Also shown in FIG. 1, is a barrel extension 14 which may be any of those shown and described in my earlier application. It also may be another tennis ball version, as shown in FIG. 7, having a plurality of air bleed slots 102 along the ball path. In one of the slots is a strip 104 resiliently held in place by elastic bands 106. On the inner edge of strip 104 and extending into the path of the ball may be bristles, rubber teeth or other friction aides to impart a spin on a ball passing through the extension. The strip may be placed in a selected slot for side, up or down spin as desired. The elastic bands 106 expand and let strip 104 move outwardly as the ball passes under it. In this manner precise inward adjustment of strip 104 to compensate for old or slick balls or balls of slightly different diameter is unnecessary, since each ball passing through urges strip 104 outwardly sufficiently to permit its passage while imparting the desired spin action upon it. As can be seen in FIG. 7, the barrel extension 14 not only extends forwardly of barrel 12, but it also has a section of reduced diameter (for tennis ball passage) that fits down into the barrel.
FIGS. 2, 3, 4, 5 and 6 show how the adjustable and variable timer and speed control is constructed and operates. In FIG. 2 the timer motor 72 and switch valve 76 are shown mounted below barrel 12 and forwardly of air supply tank 10. The motor rotates disc 74 to initiate lateral oscillation of the barrel when actuator rod 80 is engaged. On the rotating shaft 108 is mounted a pair of rotatably adjustable timing discs 110,112 which, when they are in radial alignment, permit movement of an actuating lever 114 on pneumatic valve 116 which controls passage of air between lines 94 and 96, as shown in FIG. 3. Lever 114 has a roller 118 on the end which is as wide as both discs 110,112 as shown in FIG. 4. Only when notches on both discs are in alignment will the roller 118 fit into them and permit the lever 114 to move, as shown in FIG. 3. Set screws or detents permit desired rotation and fastening of the discs on shaft 108.
Each disc 110,112 has radially opposed wide and narrow notches 120, 122, 124 and 126, as shown in FIGS. 5 and 6. Thus, by proper rotation of the discs 110,112, ball firing, i.e., valve actuation, occurs rhythmatically once every 360°, once every 180°, or at 150° and 360° spacing and also rotation of disc 74, as desired. This provides for alternate firing in relatively faster and slower sequence to eject tennis balls along different positions across the tennis court. This non-uniform firing also varies the speed of the ball since the pressure in the ball ejection tank is less when rapid firing occurs and is greater for the slower firing sequence.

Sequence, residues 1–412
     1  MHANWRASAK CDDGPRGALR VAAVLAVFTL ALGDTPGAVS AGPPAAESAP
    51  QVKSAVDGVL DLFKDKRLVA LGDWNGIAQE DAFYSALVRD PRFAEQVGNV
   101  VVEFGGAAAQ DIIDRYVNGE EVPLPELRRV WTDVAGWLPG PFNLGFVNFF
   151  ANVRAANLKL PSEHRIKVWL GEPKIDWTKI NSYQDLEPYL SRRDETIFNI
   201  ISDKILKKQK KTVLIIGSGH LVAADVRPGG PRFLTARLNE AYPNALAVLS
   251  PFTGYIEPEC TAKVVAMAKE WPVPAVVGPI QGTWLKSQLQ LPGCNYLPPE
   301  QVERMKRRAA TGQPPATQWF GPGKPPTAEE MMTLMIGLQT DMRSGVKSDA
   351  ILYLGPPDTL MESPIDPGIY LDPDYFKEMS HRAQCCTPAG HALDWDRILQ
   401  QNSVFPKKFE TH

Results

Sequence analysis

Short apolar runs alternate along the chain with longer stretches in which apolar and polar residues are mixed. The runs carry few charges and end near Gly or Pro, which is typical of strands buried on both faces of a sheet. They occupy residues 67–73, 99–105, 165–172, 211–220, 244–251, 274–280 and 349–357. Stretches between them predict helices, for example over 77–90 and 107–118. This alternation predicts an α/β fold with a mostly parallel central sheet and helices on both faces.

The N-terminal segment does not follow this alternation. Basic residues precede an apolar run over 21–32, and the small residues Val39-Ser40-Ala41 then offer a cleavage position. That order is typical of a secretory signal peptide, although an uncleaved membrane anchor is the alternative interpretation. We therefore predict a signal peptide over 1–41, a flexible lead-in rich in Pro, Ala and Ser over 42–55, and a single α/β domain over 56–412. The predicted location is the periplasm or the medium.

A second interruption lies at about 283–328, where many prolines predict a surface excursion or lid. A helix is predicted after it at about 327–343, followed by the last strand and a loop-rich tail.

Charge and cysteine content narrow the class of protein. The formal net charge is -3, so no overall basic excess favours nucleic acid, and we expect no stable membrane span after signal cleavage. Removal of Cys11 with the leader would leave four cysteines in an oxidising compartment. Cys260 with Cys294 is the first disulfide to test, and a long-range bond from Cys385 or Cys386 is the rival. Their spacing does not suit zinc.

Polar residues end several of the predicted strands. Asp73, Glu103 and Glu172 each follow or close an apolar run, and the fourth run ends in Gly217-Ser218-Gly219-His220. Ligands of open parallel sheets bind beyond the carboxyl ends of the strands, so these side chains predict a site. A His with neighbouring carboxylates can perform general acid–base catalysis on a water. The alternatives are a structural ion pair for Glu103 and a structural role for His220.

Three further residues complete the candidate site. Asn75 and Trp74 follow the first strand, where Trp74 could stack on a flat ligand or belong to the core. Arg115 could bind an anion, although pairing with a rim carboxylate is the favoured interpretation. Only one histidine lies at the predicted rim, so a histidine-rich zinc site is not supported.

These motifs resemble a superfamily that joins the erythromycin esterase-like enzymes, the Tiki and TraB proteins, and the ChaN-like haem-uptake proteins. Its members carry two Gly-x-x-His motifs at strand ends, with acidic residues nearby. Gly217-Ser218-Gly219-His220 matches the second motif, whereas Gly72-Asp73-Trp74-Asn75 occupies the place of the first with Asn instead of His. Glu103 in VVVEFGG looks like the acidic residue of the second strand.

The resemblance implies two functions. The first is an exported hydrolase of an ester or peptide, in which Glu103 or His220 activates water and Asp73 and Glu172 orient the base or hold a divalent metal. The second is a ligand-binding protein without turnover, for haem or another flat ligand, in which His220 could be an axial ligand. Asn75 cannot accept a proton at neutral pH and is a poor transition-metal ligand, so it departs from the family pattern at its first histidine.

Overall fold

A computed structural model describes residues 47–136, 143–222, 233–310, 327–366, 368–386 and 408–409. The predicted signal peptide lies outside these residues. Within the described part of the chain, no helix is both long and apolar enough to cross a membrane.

The hopper and feed mechanism 16 will accommodate up to 200 tennis balls without jamming or malfunction and without operator assistance. This is shown in FIGS. 1, 2 and 8. This includes a hopper 128 with a bottom 130 sloping downwardly to the rear and one side 132. An endless chain 134 with scoops 136 carries balls from the lower rear end of the hopper, between side 132 and wall 138 to the upper forward end 140 where the balls are deflected by deflector 142 and roll down a ramp 144 and into a hole 146 in bottom 130. The scoop and chain arrangement and hopper configuration is such that balls are fed to the hole when the barrel is tilted through a variety of pitch attitudes. A chute 148 under hole 146 conveys the balls down to opening 150 in barrel 12. (The firing of the balls through barrel 12 under air pressure is the same as in my earlier mentioned co-pending application and need not be further discussed here as it is not part of the present invention except in combination therewith). When chute 148 is full, hole 146 is full and the balls simply roll back down bottom 130 for recycling. In order to feed tennis balls to the chute 148 at a faster desired rate (baseballs fire once per revolution of the timing discs and tennis balls fire twice per revolution), the endless chain 134 in conveying tennis balls must travel at twice its speed in conveying baseballs. This may be done with a variable speed motor 152, which drives a chain sprocket in housing 154 or by having two different sized drive sprockets interchangeable for the desired operational mode. When different sprockets are used, flexible drive coupling 156 permits and compensates for the resulting sprocket axle misalignment with the drive motor.